United States District Court, S.D. Georgia, Statesboro Division
B. AVANT EDENFIELD, District Judge.
Waseem Daker has filed several motions with the Court. ECF Nos. 28, 29, 31. Daker previously filed a complaint under 42 U.S.C. § 1983. ECF No. 1. That complaint was dismissed, in part because he did not qualify for an exception from the three strikes rule. ECF No. 13 at 4-5.
I. MOTION TO RECUSE
Daker first seeks recusal of Judge B. Avant Edenfield from this case. ECF No. 28. "Any justice, judge, or magistrate judge of the United States shall disqualify himself in any proceeding in which his impartiality might reasonably be questioned." 28 U.S.C. § 455(a). As implied in the statute, "Wudges routinely preside over motions for their own recusal." In re Evergreen Sec., Ltd., 570 F.3d 1257, 1278 (11th Cir. 2009). Therefore, the Court will rule on Daker's Motion.
"Ordinarily, a judge's rulings in the same or a related case may not serve as the basis for a recusal motion." McWhorter v. City of Birmingham, 906 F.2d 674, 678 (11th Cir. 1990). "[J]udicial rulings alone almost never constitute a valid basis for a bias or partiality motion." Liteky v. United States, 510 U.S. 540, 555 (1994). In fact, a judge's rulings "do not constitute a basis for a bias or partiality motion unless they display a deep-seated favoritism or antagonism that would make fair judgment impossible." Id. This disqualifying bias "must be personal and extrajudicial; it must derive from something other than that which the judge learned by participating in the case." McWhorter, 906 F.2d at 678. Unless the moving party "demonstrates pervasive bias and prejudice, " the judge will not disqualify himself. Id. (quotation omitted).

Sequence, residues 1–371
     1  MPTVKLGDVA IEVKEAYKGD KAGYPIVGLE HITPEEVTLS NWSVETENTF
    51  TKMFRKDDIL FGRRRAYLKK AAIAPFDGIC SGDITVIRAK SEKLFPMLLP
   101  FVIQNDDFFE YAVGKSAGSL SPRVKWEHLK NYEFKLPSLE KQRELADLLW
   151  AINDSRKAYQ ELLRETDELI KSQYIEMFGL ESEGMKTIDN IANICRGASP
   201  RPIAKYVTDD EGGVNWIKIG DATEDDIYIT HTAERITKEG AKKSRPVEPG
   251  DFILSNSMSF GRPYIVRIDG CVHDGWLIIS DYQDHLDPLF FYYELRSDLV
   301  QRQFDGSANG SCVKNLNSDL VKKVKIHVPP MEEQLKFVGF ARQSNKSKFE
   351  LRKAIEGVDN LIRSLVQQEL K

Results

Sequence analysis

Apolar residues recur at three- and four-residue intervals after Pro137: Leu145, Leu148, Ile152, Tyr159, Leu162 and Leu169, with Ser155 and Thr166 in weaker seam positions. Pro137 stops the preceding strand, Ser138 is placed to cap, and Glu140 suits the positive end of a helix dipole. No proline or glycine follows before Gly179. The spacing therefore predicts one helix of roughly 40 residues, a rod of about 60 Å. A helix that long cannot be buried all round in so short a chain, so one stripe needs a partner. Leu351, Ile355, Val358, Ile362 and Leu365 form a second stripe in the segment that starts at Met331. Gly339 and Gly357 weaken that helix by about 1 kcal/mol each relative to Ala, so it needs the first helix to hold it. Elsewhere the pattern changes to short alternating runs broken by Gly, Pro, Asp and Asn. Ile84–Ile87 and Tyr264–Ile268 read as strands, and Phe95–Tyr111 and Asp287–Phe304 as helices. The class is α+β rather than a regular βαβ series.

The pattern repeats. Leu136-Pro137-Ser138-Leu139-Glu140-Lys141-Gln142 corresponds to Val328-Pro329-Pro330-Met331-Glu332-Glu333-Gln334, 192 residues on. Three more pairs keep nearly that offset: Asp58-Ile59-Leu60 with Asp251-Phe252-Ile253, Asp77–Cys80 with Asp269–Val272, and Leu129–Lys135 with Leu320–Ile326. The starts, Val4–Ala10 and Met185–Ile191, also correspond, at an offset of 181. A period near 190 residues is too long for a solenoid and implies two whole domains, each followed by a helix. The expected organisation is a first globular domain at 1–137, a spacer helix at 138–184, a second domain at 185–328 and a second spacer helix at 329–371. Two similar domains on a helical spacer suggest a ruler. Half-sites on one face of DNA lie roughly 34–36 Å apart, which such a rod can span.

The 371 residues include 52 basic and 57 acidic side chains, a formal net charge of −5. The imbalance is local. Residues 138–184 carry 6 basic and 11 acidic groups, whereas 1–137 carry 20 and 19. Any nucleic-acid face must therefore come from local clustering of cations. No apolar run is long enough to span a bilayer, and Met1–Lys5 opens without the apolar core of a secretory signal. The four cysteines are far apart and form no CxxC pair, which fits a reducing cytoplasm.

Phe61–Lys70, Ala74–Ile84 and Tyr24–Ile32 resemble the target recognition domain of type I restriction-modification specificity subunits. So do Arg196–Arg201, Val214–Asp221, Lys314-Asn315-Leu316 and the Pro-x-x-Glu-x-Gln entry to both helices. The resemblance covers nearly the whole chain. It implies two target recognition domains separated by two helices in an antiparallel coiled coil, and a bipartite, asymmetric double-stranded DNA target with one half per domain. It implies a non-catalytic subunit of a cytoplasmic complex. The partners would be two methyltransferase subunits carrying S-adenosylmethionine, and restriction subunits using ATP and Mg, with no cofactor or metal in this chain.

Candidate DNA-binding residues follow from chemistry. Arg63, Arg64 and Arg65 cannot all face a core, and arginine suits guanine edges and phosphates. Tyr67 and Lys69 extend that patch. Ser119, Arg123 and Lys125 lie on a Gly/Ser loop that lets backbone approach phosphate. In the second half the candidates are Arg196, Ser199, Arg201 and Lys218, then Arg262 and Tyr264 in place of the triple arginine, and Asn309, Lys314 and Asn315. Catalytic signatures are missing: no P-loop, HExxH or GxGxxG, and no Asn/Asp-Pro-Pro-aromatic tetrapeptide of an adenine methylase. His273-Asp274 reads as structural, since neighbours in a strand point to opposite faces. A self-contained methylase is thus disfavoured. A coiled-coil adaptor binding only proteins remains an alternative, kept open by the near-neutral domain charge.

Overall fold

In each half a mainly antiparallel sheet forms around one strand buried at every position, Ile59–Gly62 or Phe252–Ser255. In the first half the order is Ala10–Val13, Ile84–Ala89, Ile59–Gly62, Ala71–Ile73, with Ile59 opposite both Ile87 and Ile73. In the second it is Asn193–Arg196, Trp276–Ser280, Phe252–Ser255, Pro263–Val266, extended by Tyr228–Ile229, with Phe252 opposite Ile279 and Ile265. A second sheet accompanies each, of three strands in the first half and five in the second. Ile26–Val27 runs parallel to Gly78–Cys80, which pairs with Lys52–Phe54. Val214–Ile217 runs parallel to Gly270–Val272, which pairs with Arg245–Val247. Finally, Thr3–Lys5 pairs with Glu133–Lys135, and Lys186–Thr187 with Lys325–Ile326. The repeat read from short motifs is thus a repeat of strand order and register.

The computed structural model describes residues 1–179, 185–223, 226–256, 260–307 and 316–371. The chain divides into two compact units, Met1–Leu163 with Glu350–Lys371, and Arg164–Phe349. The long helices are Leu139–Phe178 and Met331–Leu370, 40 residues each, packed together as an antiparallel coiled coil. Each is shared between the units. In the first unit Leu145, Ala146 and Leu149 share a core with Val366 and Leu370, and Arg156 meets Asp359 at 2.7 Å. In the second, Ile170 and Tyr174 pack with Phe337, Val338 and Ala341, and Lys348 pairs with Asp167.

Although citing several cases relating to recusal, Daker cites no improper action of the Court apart from failing to rule in his favor. His allegations of bias stem merely from disagreement with the rulings of the Court. "The alleged bias is thus judicial rather than personal in nature." See id. Because judicial opinions are insufficient to provide a basis for recusal, such a remedy is unwarranted here.
Therefore, the Court DENIES Daker's Motion, ECF No. 28.
II. MOTION TO VACATE THE JUDGMENT
Daker has also filed a Rule 59(e) Motion with the Court, seeking to have the judgment vacated. ECF No. 31. Daker previously moved the Court to amend its judgment under the same rule, ECF No. 23, and the Court denied his motion because "he ha[d] offered no new argument in support of altering the Court's judument, " ECF No. 25.
Here, Daker has still failed to provide any new argument or evidence to the Court. Each argument Daker presents in this Motion was made previously when he objected to the magistrate judge's Report and Recommendation. See ECF No. 16. Indeed, he repeats many of the paragraphs, as well as pages eighteen through twenty-four verbatim. See ECF Nos. 31 at 18-24; 16 at 16-22. A Rule 59(e) motion cannot be used "to relitigate old matters, raise argument[, ] or present evidence that could have been raised prior to the entry of judgment." Michael Linet, Inc. v. Vill. of Wellington, Fla, 408 F.3d 757, 763 (11th Cir. 2005). Because Daker's motion offers no new argument in support of altering the Court's judgment, the Court DENIES his Rule 59(e) Motion, ECF No. 31.
III. MOTION TO STAY
Daker also filed a Motion to Stay Proceedings with the Court, requesting that the case be stayed until a determination is made by the Eleventh Circuit. ECF No. 29 at 1. A determination has been made by the Eleventh Circuit, dismissing this case for lack of prosecution. ECF No. 32. Because the appeal has been dismissed, Daker's Motion to Stay, ECF No. 29, is DENIED.
The Court DENIES each of the above motions brought by Daker in this ...